Stopped reading at Windows.
Must one pay Microsoft for every computer nowadays?
I understand that Linux occurs its own cost to the manufacturer but they could at least provide naked "as is" machines or something.
MSI was one of the first companies to see the importance of the Eee PC as a new category of portable. The Wind U160 is its latest response to a growing range of netbooks based on Intel’s low-power Atom chips. Yet can it break the ‘me-too’ mould and offer something extra? MSI Wind U160 A mighty wind? MSI's U160 MSI’s …
Oh, and this time, PLEASE MENTION THE SPECIFIC CODEC. Saying MPEG4 (as on the eeePC 1000-something test) is pretty lame.
To give you an example of why I ask this: my eeePC901 (XP) struggles over 720p H.264 (jerky) and won't play 1080p H.264 at all. In fact, VLC player is the only thing I have that recognises that these are an actual real video format!
So I figured my eeePC playing HD content was a no go.
But then the other day I was converting a video (MediaCoder IIRC) and watching a good looking video in MPlayer. The video, it turns out, was 1280x720. Or HD. Played fluidly, not a hiccup, with a fairly processor-intensive application running. The difference? The HD that worked was a DivX, of the H.263 ilk. I'd like to try to find a 1080p DivX to try. The 720p video is larger than the eeePC's display, but still, it would be interesting to try the 1080p for the sake of it...
"How do you expect a LiveCD to work on a machine with no optical drive?"
It has three USB ports. I think you can figure it out.
I'll echo the original statement: knowing how it works on a Live CD would be really, really good info. Makes the decision process easier since odds are I won't be keeping Windows Extreme Starter 7 Double-limited Edition on it for long. (Maybe I'd run it as a VM. :))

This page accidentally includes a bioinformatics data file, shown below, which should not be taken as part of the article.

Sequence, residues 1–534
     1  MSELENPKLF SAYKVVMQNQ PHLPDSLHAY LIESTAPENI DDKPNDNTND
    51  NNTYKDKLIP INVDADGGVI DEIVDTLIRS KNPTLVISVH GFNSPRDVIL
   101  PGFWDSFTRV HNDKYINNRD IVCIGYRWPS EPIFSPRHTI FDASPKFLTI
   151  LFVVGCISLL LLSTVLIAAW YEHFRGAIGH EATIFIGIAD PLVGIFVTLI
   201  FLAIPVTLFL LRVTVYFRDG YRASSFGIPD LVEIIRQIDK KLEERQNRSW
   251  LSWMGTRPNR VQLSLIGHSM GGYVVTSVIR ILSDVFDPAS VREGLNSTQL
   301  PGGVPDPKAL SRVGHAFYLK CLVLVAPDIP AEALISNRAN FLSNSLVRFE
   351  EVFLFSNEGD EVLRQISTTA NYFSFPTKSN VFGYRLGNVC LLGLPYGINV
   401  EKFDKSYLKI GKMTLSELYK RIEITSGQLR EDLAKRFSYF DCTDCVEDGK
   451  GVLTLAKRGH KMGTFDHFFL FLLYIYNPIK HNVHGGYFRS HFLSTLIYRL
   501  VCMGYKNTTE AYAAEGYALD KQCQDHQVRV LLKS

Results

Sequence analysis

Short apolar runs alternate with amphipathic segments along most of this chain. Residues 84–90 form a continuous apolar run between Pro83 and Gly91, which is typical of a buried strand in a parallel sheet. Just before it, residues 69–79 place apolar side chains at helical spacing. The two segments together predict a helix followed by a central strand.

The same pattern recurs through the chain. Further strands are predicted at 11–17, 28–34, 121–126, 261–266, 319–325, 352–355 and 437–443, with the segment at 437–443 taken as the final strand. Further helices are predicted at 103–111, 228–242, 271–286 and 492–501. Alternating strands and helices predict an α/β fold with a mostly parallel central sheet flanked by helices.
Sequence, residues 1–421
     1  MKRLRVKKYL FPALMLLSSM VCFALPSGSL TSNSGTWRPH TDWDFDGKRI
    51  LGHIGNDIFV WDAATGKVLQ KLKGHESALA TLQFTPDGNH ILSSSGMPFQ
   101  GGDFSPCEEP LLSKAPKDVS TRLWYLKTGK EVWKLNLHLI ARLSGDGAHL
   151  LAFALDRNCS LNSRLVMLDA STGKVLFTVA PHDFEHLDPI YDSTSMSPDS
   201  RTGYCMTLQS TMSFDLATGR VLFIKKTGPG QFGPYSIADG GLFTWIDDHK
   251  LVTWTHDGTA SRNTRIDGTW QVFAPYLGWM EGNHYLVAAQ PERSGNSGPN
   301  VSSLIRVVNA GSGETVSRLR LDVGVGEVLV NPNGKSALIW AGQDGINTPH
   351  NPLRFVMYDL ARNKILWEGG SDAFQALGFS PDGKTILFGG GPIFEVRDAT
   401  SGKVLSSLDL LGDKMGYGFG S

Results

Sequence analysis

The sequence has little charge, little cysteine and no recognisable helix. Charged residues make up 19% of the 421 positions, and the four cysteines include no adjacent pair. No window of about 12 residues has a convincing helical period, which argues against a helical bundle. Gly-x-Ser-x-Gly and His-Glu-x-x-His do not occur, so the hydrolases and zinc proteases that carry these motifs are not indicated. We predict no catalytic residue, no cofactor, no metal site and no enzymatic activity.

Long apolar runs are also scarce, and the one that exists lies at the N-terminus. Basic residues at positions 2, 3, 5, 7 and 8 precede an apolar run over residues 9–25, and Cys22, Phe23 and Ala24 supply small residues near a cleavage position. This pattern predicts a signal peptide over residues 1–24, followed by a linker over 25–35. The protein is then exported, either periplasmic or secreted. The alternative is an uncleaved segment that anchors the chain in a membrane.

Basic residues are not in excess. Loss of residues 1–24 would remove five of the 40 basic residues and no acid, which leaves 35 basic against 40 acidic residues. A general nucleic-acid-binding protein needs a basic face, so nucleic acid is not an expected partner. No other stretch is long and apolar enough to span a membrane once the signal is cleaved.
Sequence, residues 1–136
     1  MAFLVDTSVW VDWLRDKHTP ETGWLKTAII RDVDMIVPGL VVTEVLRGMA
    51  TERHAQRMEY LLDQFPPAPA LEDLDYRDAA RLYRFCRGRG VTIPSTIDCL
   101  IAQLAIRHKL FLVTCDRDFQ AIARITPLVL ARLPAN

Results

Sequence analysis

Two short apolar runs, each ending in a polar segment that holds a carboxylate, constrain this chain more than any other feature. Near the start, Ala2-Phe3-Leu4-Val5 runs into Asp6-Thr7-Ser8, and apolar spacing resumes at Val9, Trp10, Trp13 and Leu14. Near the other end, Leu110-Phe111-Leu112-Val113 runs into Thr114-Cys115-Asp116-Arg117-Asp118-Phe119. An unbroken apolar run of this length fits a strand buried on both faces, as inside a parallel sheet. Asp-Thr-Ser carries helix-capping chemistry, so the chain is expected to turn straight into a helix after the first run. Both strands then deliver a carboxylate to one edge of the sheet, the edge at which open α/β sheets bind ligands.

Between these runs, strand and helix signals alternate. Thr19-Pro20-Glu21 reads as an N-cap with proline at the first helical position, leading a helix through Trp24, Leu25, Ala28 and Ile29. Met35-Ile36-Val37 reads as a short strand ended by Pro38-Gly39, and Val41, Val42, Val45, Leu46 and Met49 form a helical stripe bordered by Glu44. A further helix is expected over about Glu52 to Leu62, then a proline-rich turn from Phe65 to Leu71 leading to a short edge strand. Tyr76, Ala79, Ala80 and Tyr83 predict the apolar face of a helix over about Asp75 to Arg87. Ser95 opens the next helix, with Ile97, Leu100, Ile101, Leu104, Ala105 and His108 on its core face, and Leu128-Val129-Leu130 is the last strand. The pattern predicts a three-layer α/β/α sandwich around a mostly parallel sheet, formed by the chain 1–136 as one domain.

I picked up an MSI laptop, a few of years ago. I picked up a Toshiba laptop, to replace it with, more recently, one day when it wouldn't even boot up with the BIOS start screen. Having used a Toshiba laptop for an extended period of time, now, I'm a lot happier with how they've designed it, and I've become gradually more unhappy with the design of the MSI laptop.
I don't expect I'll be buying any more MSI hardware, at any foreseeable time in the future. Fine for them to stay on the market, I just want to avoid their products, honestly told.
Yet another boring, overpriced netbook that's infected with Windows.
PC makers, for the love of Dog, show us something different for a change.
P.S. It is a netbook FFS. You buy it because it is cheap and cheerful (well, that used to be the case). What exactly is the point of benchmarking it?
I bought my Aspire One for £175. It's got pretty poor battery life, it's a bit sluggish. But it does the basics. If I want more than the basics, I'll go to my desktop or a decent laptop.
£330? What am I getting for the extra £155 over my Aspire One? (Apart from Windows, which I don't want or need...)
Why don't these manufacturers include 2 GB instead of 1 GB of RAM, I wonder? Memory is dirt cheap nowadays. When I bought my Eee 1000HE a year and a half ago I also bought a 2 GB RAM module for it -- for the fortune of $15 -- and now I have a spare 1 GB module laying around somewhere. I'm sure the manufacturers can get much better pricing. And considering RAM is usually quite a critical component for speed and general responsiveness feeling, why not do it?
Indeed Martin, I paid the same for my Acer Aspire One and really top whack for a standard formula netbook is £250, anything above this doesn't merit any more than a 50% rating unless it has 12+ hour battery.
It happens to be the cheapest computer I've ever owned and at the same time by far the most used. It's been on 24/7 for nearly 2 years now.
I actually don't find XP slow on it. I just installed a ramdisk, disabled any background services I didn't need, use flashblock in firefox and in general it's as quick for everyday use as my main notebook. It's not designed for autocad and HD x264 encoding.
This is a review of a Windows-based netbook and is covered as such. If it was a Linux-based machine, it would be reviewed as one. It wasn't tested with Live Linux, but then it wasn't tested with any software, other than PCMark, with which it wasn't supplied.
As regards it not being a netbook, the spec of netbooks has moved on. Yes, they were once cheap and cheerful, but the generally-accepted spec is now for a physically small notebook, with low-power mobile CPU, generally sub-HD screen and no optical drive. Perhaps there's room for a sub-netbook category.